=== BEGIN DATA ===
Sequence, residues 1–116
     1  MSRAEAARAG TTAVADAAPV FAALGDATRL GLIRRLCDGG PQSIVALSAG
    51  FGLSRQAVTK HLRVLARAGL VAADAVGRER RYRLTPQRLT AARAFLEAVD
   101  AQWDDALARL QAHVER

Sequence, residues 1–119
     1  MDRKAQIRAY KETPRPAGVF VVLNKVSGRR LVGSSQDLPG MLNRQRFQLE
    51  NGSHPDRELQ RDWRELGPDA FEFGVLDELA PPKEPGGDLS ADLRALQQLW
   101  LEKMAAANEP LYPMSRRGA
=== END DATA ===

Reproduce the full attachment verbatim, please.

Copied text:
Sequence, residues 1–116
     1  MSRAEAARAG TTAVADAAPV FAALGDATRL GLIRRLCDGG PQSIVALSAG
    51  FGLSRQAVTK HLRVLARAGL VAADAVGRER RYRLTPQRLT AARAFLEAVD
   101  AQWDDALARL QAHVER

Sequence, residues 1–119
     1  MDRKAQIRAY KETPRPAGVF VVLNKVSGRR LVGSSQDLPG MLNRQRFQLE
    51  NGSHPDRELQ RDWRELGPDA FEFGVLDELA PPKEPGGDLS ADLRALQQLW
   101  LEKMAAANEP LYPMSRRGA